The Warden at Bali’s Kerobokan Prison, Gusti Ngurah Wiratna, has refuted and denied unfavorable depictions of conditions at his prison made by former inmate Rachel Dougall, recently released from his care after serving one year for possessing cocaine.
Rachel Dougall, now back home in the U.K., claimed to the international press that she endured beatings and deprivations while being locked up with drug addicts, HIV-positive fellow inmates and sexually-aggressive lesbians. She also claims that she was compelled to sleep on a straw mat on concrete floor during the period of her imprisonment.
While critical of both her facilities and fellow prisoners, Dougall also poured vitriol on 57-year-old fellow-Briton Lindsay Sandiford, describing the woman as “pure evil” and "not the innocent she would like people to believe." Adding: "Everyone thinks she's this poor naive granny, but she's not. She doesn't deserve any sympathy; I've been told by many people in Bali and Britain that she's been bringing drugs into the country for 25 years."
Dougal’l’s comments may become negative fodder for Indonesian officials now considering a remission of Sandiford pending death sentence.
Sandiford’s arrest while smuggling a huge quantity of cocaine through Bali’s airport precipitated the arrest of Dougall, and two other men, one of whom was Dougall’s partner.
According to Beritabali.com, the warden of Bali’s Kerobokan Prison rejected Dougall’s claim of mistreatment. Upon hearing the accusation, the Warden convened a team of 16 people to look the conditions described by English felon and also invited a representative from the English Consulate to personally tour the prison.
“We immediately went to the women’s block (of the prison), we entered Rachel’s former cell. We invited a representative of the British Consulate named Liliana,” explained Wiratna.
Wiratna said the accusations on prison conditions leveled by Rachel Dougall are not supported with any substantive proof. He claimed his office has always coordinated the imprisonment of British subjects with the British Consulate who, according to the Warden, also do not believe Dougall’s claims of mistreatment.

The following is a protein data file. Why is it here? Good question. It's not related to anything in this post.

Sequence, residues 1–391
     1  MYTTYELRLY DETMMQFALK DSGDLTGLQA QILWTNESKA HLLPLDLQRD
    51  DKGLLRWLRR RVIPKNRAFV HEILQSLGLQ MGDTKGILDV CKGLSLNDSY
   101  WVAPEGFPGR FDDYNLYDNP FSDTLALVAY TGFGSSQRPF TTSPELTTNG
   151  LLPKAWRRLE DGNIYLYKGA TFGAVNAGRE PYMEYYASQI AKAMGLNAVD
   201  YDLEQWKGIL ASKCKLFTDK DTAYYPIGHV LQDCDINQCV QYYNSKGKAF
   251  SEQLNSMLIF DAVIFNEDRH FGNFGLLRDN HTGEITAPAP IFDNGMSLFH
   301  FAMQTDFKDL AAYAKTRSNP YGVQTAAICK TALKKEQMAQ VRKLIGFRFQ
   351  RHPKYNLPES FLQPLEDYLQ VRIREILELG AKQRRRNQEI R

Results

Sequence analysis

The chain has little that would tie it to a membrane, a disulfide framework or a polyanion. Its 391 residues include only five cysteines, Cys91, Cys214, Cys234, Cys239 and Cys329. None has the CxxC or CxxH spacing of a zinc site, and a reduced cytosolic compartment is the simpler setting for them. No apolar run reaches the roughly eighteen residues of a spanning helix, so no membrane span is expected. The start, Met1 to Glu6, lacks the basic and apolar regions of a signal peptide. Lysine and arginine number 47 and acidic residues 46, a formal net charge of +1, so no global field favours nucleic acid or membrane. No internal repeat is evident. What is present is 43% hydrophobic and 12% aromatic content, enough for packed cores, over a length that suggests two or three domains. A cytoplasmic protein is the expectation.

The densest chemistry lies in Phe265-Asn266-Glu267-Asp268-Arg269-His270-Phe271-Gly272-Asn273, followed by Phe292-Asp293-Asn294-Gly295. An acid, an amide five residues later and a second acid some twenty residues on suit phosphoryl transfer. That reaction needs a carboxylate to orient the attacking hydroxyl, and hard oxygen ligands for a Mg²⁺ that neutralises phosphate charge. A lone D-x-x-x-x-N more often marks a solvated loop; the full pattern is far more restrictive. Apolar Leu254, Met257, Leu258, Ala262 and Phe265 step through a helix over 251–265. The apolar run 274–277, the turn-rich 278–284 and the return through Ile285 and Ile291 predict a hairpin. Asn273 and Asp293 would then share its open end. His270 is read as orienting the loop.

Wiratna insisted his prison has nothing to hide, and there were no complaints of mistreatment by Rachel Dougall or the Consulate during the actual period of her imprisonment. In fact, the first the Warden heard of Dougall’s complaints was when he was called by the Minister of Justice and Human Rights and advised of Dougall's comments to the international press.
Upon receiving that call, the Warden formed an investigative team to visit the woman’s block. Saying his office investigates every complaint, he denied Dougall was tortured or slept on a thin mat. In describing Dougall’s sleeping arrangements, the Warden said Dougall slept on a mattress as large as the one he sleeps on each night.
Wiratna confirmed that on one occasion Rachel Dougall was urgently sent to a local hospital for treatment of an asthmatic condition. Thereafter, the prison provided a tank of medical oxygen in Dougall's cell. The Warden shot back: “We went to these extents to look after her (Dougall), but she is defaming us in the way. I don’t know what she’d up to. If I lie, I only do damage to myself.”
At the same time, Wiratna admitted that, after all, he was in charge of a prison, rejoining: “If you want air-conditioning, please stay in a hotel. We continue to pay good attention to all aspects.”
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